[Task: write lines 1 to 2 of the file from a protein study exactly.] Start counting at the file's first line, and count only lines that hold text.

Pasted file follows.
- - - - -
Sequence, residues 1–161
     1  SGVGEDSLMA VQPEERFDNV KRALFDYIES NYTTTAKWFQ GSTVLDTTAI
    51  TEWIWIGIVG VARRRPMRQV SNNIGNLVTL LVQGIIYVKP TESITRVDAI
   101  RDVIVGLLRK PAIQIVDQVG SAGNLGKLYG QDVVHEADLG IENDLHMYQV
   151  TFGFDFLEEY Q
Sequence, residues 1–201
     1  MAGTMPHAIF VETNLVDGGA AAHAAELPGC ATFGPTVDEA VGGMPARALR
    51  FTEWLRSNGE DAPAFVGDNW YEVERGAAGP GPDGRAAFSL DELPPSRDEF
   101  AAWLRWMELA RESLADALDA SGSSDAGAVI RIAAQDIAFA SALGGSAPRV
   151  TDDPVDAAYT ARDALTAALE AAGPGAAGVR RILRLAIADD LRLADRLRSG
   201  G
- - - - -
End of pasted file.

Sequence, residues 1–161
     1  SGVGEDSLMA VQPEERFDNV KRALFDYIES NYTTTAKWFQ GSTVLDTTAI